While plastic has been demonized for its damaging effect on the environment, most people feel more comfortable with paper-based products like paper bags and cardboard. When one weighs out all the factors that go into the manufacturing, use, and recycling of both materials, however, paper isn’t as green an option as people think.
Don’t get me wrong: plastics waste is a huge problem that needs to be reined in if we’re to preserve the planet we live on. Like we said before, however, a lot of the problem can be solved with how we use this valuable material. In more simple terms, we just need to reevaluate how we produce, use, and recycle plastic packaging. The same could be said about paper which, arguably, is just as destructive to the environment in its own way.
Sure, paper products and cardboard are made from trees and thus, considered a “greener” material on its own. Just because the end product might seem more eco-friendly does not automatically imply that the process of making it is. In fact, paper production causes 70 percent more air pollution than the production of plastic bags while also contributing 80 percent more greenhouse gases. And when it comes to resource use, paper bag production uses three times more water and four times as much energy than creating new plastic bags; even recycling paper bags is worse by consuming more fuel than just creating new ones. Indeed, making new paper bags produces 80 percent more solid waste than their plastic counterparts.
Though paper coming from trees might seem like a good thing on the surface (you know, trees and organic materials are “green”), paper production is a leading contributor to deforestation. When it comes to fighting our rising atmospheric carbon dioxide count, we kind of need trees to reabsorb some of that CO2 and process it back into oxygen.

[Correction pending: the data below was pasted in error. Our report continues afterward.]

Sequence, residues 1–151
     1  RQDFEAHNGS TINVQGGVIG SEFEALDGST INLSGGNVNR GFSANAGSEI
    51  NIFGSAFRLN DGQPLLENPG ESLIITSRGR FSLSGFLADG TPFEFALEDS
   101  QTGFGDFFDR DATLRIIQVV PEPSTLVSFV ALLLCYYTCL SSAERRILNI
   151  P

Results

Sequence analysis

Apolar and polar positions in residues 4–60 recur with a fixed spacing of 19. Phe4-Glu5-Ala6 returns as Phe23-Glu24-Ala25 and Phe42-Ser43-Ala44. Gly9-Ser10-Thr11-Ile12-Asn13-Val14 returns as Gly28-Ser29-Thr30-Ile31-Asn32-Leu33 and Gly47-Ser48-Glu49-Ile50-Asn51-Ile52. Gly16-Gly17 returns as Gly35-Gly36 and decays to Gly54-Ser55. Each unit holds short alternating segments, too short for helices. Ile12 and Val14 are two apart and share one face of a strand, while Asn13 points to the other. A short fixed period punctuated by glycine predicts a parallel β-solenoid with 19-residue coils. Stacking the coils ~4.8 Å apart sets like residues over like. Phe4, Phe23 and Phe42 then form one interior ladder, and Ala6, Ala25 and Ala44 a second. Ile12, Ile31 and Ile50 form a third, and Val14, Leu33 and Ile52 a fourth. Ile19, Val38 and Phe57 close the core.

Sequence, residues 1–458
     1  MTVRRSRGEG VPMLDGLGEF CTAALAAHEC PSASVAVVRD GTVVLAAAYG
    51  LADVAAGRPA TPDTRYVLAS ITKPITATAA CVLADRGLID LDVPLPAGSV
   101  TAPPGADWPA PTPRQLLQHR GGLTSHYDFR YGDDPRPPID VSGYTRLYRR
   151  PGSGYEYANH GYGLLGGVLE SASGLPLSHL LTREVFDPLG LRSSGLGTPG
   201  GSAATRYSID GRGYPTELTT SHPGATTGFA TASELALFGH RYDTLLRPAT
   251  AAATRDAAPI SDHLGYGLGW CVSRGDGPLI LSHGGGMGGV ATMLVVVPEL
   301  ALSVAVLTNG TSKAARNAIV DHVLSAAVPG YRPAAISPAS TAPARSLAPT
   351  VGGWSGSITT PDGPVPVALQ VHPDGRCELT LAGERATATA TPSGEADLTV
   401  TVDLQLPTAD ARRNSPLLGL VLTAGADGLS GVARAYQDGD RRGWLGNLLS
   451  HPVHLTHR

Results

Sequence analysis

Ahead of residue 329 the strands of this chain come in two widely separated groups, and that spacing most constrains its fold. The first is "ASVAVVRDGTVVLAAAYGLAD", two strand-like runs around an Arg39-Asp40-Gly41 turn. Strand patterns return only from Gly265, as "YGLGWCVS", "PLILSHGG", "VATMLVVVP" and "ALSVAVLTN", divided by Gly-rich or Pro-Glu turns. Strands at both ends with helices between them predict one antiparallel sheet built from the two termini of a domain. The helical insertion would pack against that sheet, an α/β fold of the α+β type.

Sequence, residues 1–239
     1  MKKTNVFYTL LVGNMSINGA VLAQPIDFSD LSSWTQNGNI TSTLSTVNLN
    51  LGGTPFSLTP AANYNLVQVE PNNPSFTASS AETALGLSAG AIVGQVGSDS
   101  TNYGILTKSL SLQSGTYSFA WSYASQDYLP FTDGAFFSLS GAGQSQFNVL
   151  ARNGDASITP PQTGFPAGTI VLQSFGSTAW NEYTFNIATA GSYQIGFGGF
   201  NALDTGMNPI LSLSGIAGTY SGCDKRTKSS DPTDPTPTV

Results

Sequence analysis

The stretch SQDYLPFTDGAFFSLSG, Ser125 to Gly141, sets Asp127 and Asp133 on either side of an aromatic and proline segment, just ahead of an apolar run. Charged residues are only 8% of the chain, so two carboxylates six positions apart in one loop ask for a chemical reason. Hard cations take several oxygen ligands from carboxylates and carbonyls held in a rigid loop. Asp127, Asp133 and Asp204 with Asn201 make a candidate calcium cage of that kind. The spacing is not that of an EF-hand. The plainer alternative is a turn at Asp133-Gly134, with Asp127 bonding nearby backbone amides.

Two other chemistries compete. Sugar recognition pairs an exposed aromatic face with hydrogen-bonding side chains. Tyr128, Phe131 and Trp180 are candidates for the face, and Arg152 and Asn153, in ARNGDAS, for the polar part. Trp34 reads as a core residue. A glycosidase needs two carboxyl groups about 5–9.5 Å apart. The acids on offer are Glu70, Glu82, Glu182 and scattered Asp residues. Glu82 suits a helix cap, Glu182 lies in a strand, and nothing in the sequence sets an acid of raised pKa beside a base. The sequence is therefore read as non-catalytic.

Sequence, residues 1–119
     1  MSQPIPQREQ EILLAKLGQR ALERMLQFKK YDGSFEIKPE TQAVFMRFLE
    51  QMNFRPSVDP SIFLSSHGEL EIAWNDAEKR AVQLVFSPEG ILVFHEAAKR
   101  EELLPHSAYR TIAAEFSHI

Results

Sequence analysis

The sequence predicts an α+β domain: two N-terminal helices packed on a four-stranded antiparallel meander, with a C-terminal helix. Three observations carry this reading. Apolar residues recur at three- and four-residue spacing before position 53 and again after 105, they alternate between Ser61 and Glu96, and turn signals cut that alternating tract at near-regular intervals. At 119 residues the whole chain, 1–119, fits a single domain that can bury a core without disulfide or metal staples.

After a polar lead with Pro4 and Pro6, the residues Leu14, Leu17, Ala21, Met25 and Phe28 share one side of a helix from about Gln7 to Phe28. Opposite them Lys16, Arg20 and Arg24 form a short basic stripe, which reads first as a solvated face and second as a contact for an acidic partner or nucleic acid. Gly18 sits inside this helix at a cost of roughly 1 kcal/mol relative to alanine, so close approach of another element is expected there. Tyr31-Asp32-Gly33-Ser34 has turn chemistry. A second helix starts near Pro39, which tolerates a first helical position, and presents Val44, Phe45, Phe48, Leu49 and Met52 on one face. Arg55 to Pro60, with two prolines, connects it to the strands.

“The short answer is easy: neither! Paper and plastic bags each have different components that make them a drain on natural resources and a strain on the environment. When it really comes down to it, each option has its pros and cons. […] Both materials are recyclable, but the rate that consumers recycle them is minimal at best. Paper is degradable, whereas plastics take over 1,000 years to decompose. Yet, plastic bags require less energy to produce and recycle. The list goes on and on and teeters back and forth without really steering you to truly believe on is greater than the other.”
However, don’t despair. While current technology and consumer trends are largely to blame for our waste problems, changes that emphasize better trade, buying, and reuse practices can start making a big difference in the battle for sustainability.
Lowering Your Carbon Footprint… With Plastic?
Though the same could be said about changes to the paper production and recycling process, since we’re experts on plastics here at FP, we figured we’d stick to talking about what we’re good at. Indeed, we’re committed to finding more eco-friendly variants of plastic packaging, namely with our line of green biodegradable* films. Luckily, we’re not alone in the fight for a greener, less wasteful future. Riverford Organics of the United Kingdom, for example, has shifted gears from paper to plastic delivery boxes which, as company spokesman Guy Watson claims, could lower their company’s carbon footprint by 70 percent.